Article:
As part of the Beyond Reality interview series, I interviewed Paul Webb, a camera operator, whose 30 year career in television, has taken him all around the world from shooting news and covering the O.J. Simpson trial, to working on countless seasons of US Survivor. I find out how Paul cut his teeth in news before taking on the world of reality TV.
To listen to the full interview, check out the Beyond Reality podcast here: Beyond Reality – Paul Webb.
Did you always want to work in TV?
I had no idea what I wanted to do when I left school. I was working at a pub for my father – I was a forklift operator, storeman, bartender – jack of all trades! Out of luck, I got offered a camera assistant job with a cooking show that was coming to Australia. I travelled around with them for 5 weeks and that’s where I feel in love with the business. I sort of looked upon these two cameramen from LA as rockstars. I thought, that is a cool job – I wouldn’t mind giving that a go!
Did you go to University and if so, what did you study?
I couldn’t wait to get out of school, so study was never going to be my option. I hunted around Brisbane news networks and got eventually got offered a job as a camera assistant with Channel 9. Still to this day, I have no idea what I said in the job interview to get the job and that’s where I started, Channel 9 News in Brisbane as a sound recordist, camera assistant combination.
How did you transition from a camera assistant to a camera operator?
On my third year as a camera assistant, Channel 9 offered me some edit training, a lot of other camera assistants weren’t interested in that but I said yes. I did 6 months edit training and because I did that, I got promoted to training cameraman. The beauty of learning through news and current affairs is that you actually assist 10 – 12 different cameramen on any given day. You work with so many different personalities with different shooting styles so you just pick and choose what you like from each of them. You just have be a sponge and figure out what works for you!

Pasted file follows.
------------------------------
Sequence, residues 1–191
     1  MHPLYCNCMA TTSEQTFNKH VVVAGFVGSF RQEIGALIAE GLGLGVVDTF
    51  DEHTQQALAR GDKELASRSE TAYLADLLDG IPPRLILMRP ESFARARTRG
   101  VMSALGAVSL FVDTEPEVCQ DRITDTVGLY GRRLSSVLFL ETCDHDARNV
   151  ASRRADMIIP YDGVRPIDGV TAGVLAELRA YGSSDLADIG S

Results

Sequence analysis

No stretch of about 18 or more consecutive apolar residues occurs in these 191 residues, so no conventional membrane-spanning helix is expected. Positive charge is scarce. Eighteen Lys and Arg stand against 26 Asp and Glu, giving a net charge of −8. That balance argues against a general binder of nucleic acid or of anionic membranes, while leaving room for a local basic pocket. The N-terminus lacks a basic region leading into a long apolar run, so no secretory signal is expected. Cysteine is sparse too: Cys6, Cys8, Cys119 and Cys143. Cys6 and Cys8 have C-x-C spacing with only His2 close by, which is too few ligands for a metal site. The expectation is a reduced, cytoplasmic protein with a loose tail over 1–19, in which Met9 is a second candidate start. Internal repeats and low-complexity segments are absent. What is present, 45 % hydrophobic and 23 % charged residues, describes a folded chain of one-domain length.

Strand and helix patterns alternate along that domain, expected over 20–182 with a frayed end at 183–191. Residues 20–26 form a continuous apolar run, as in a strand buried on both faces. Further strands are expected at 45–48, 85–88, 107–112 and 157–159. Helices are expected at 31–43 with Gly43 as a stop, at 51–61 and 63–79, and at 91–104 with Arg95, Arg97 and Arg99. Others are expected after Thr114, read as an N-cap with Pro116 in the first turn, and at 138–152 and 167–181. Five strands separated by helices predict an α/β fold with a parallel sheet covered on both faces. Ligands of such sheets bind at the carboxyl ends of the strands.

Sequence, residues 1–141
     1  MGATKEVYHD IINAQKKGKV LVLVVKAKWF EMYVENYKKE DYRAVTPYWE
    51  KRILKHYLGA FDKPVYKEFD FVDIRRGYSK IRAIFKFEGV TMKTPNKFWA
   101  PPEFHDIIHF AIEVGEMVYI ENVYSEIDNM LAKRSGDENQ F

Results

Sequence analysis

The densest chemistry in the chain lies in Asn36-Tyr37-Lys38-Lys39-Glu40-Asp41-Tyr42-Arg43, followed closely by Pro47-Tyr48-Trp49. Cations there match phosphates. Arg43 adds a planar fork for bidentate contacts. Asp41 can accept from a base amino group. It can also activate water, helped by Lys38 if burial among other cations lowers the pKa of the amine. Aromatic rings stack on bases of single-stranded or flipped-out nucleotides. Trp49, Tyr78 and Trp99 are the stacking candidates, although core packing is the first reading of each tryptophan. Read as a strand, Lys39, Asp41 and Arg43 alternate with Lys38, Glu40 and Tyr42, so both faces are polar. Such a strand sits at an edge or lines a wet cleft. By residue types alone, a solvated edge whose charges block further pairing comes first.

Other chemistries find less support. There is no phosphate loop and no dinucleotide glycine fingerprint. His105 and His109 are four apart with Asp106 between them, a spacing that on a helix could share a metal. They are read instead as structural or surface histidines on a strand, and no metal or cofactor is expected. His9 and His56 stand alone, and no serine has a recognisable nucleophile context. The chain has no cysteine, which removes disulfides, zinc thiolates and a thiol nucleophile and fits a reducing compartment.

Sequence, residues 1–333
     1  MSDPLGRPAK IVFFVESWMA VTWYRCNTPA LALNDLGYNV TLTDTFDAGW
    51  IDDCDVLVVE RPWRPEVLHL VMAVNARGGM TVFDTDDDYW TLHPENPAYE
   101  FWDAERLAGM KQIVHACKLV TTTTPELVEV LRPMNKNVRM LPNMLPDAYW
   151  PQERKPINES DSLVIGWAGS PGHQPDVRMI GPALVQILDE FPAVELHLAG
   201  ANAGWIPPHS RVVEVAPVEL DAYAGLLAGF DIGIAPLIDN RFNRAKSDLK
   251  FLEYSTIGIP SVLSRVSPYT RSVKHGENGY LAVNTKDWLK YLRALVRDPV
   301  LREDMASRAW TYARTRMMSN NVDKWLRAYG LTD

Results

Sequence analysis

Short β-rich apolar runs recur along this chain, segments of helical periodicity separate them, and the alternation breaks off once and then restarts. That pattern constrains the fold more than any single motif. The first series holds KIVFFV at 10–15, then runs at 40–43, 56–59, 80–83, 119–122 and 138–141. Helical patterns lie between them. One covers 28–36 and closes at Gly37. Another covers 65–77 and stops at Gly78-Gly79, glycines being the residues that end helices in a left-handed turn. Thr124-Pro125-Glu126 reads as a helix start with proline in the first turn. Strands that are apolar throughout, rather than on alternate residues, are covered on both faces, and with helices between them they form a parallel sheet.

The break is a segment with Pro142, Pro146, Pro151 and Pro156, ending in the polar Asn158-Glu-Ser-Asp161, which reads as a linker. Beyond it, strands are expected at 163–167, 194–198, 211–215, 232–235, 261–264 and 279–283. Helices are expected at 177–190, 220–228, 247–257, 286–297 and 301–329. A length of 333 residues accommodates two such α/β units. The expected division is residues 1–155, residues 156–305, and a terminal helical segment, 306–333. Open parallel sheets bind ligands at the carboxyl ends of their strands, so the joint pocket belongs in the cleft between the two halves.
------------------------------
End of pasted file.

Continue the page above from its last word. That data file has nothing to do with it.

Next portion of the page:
What was your first job in reality TV and how did you land it?
I did lots of lifestyle shows, Auction Squad, Hot Property, Our House, Better Homes and Gardens when that came to Brisbane but my first big reality show was Big Brother season 1 in 2001.
Having had a career in news, was reality TV something that you were interested in getting in to?
I still remember watching the very first season of American Survivor in Borneo and I watched it, I just went; ‘That’s what I want to do! I want to work on that show’. I spent 4 years sending emails to the US, read the credits, found emails, stalked my way into Mark Burnett productions – did get offered a few early seasons but had children being born in the middle of that so that never happened. It was actually a few years later when I worked on a show called Outback Jack, an American show shot here in Western Australia. I met a bunch of camera ops that worked on the show and was able to work my way in that way. My first season of US Survivor was season 12 in Panama. I ended up working on 17 seasons of US Survivor and I’m not up to 5 seasons of Australian Survivor.
How does what you learnt as a camera operator in news apply to reality TV?
In news, you learn to work fast, you learn to get it right the first time because you may not get another chance and if you do stuff it up, you learn how to fix your mistakes. It all applies in reality TV.
Want to hear more stories from the people behind the TV shows you love>? check out my interview with Story Producer and Challenge Producer, Grant Phillips or Senior Story Producer, Erica Foley.